MAJOR CASE STUDY The National Kidney and Urologic Diseases Information Clearinghouse (2012) reported that one out of every 10 Americans, more than 20 million, have chronic kidney disease and adults over 65 years of age have a higher incidence of this disease. In 2009 over 350 million people were known to have ESRD, 871,000 people were being treated for ESRD, and 172,000 people have received a transplant. This disease is associated three times higher for African Americans than Caucasians. There are many different symptoms that may be unnoticed. Some of the symptoms reported in a research review conducted by Murtagh, Addington-Hall, and Higginson (2007) included fatigue, pruritus, constipation, anorexia, pain, sleep disturbance, anxiety, dyspnea, nausea, restless legs, and depression. Other symptoms noted from Medline Plus (2012) may include nail changes, bone pain, confusion, easy bruising, amenorrhea, and edema.

ESRD is treated by hemodialysis, peritoneal dialysis, or kidney transplant. The prognosis for ESRD is guarded. If the patient does not receive dialysis or transplant they will die, but the outcomes with treatment reduces mortality rates. ESRD is irreversible and the person can never regain kidney function once it is lost (Medline Plus, 2011). Secondary Diagnosis: Hypertension, Atrial Fibrillation, Coronary Artery Disease, and Congestive Heart Failure. CR has a history of Hypertension (HTN), which relates to her current primary and other secondary diagnoses. Carretero and Oparil (2000) state that essential HTN is a risk factor for cardiovascular disease, heart failure, and ESRD. Many patients who are on hemodialysis have HTN, which suggests a risk factor for cardiovascular mortality (Horl, 2010). At least 75 million Americans have HTN and are on medication for this disorder, and out of this population, African Americans have the highest risk (Madhur et al., 2014). The risk factors for developing HTN

MAJOR CASE STUDY including obesity, insulin resistance, high alcohol intake, high salt intake, aging, sedentary

lifestyle, stress, and low potassium and calcium intake. When blood pressure is uncontrolled and becomes high it damages nephrons and arteries, while narrowing blood vessels throughout the body, which can affect the kidneys, heart, brain, eyes, and limbs (Blood Pressure Association, 2008). HTN is relatively asymptomatic, if a person experiences an extremely high blood pressure it may be a hypertensive crisis and may experience severe headache, severe anxiety, shortness of breath, or nosebleed (American Heart Association, 2012). HTN can be controlled with blood pressure medications and lifestyles changes such as weight loss, reduced alcohol intake, reduced sodium intake, smoking cessation, adequate potassium and calcium intakes, and regular exercise. If HTN has caused ESRD or heart failure the prognosis is poor since these are irreversible, but if blood pressure is controlled before irreversible damages then the prognosis may be better (Blood Pressure Association, 2008). CR suffered from atrial fibrillation (AF) and was admitted to the hospital, which may be related to her ESRD and history of heart failure. CR had a high potassium level of 5.7mg/dL at the same time as being admitted for AF. High potassium levels can cause irregular heartbeat (Davita, 2014). When the electrical signals in the heart travel in a less than sufficient way and become rapid, AF is diagnosed. Damage of this sort can be caused by high blood pressure (Falk, 1998; National Heart, Lung, and Blood Institute, 2011). Having a history of heart failure can also contribute to AF (Ng, Edwards, Lip, Townend, & Ferro, 2013). If a patient has cardiomyopathy and coronary artery disease they are likely to experience AF (Falk, 1998). AF is a concern because many studies have shown increased mortality in patients on dialysis (Ng, Edwards, Lip, Townend, & Ferro, 2013). AF can occur for different reasons but one may be due to atrial enlargement and stretch (Janse, 1997). AF is typically associated with a variety of cardiac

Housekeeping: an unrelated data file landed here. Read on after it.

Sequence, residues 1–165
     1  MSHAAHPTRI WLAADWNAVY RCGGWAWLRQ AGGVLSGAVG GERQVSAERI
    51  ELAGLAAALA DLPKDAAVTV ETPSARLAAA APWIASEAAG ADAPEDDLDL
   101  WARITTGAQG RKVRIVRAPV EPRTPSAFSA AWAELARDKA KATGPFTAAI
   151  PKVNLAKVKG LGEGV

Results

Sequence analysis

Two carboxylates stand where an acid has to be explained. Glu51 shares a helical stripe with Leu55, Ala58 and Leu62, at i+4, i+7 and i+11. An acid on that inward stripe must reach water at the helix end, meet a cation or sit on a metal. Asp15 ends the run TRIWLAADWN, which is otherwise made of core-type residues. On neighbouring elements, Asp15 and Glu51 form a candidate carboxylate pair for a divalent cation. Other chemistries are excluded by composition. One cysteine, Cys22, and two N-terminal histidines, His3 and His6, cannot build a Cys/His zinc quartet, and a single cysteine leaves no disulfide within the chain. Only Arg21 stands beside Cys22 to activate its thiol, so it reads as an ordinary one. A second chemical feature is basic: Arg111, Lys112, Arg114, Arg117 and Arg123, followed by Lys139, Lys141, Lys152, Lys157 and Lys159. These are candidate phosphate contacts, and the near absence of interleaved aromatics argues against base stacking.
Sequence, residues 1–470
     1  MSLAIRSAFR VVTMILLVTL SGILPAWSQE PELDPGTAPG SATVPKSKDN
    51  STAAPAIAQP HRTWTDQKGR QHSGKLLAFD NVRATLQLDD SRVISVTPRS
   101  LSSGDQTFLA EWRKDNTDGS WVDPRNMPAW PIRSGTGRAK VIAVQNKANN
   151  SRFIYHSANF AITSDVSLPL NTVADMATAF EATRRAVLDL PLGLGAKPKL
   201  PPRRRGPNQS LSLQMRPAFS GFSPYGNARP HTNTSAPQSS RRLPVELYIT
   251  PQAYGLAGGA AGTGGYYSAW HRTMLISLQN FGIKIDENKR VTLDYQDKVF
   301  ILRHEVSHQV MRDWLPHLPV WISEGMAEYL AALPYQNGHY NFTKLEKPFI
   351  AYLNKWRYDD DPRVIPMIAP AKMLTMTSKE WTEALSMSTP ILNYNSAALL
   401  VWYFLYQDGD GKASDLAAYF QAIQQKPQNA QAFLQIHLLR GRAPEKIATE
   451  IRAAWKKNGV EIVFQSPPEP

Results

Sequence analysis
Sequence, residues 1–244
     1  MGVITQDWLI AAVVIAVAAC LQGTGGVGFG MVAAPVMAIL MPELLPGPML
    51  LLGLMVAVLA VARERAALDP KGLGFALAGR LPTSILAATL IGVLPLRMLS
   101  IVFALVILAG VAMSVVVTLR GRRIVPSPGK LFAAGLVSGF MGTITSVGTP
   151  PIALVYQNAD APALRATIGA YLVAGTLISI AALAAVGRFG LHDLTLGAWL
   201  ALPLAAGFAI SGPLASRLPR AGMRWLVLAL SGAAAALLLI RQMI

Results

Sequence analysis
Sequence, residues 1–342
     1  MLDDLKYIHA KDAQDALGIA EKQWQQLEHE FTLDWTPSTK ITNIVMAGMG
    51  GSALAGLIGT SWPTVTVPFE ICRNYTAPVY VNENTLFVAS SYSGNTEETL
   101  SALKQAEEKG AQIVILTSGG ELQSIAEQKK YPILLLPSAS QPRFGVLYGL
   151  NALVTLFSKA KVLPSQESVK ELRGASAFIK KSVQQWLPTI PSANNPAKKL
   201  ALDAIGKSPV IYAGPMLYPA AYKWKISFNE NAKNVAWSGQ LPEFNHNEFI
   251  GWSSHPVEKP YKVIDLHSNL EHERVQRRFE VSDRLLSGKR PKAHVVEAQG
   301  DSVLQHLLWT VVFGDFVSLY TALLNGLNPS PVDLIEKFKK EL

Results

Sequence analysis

MAJOR CASE STUDY disorders and may not present symptoms (Falk, 1998). AF symptoms defined by the National Heart, Lung, and Blood Institute (2011) include palpitations, shortness of breath, chest pain, fainting, fatigue, or confusion. There are currently between 2.3 million and 5.1 million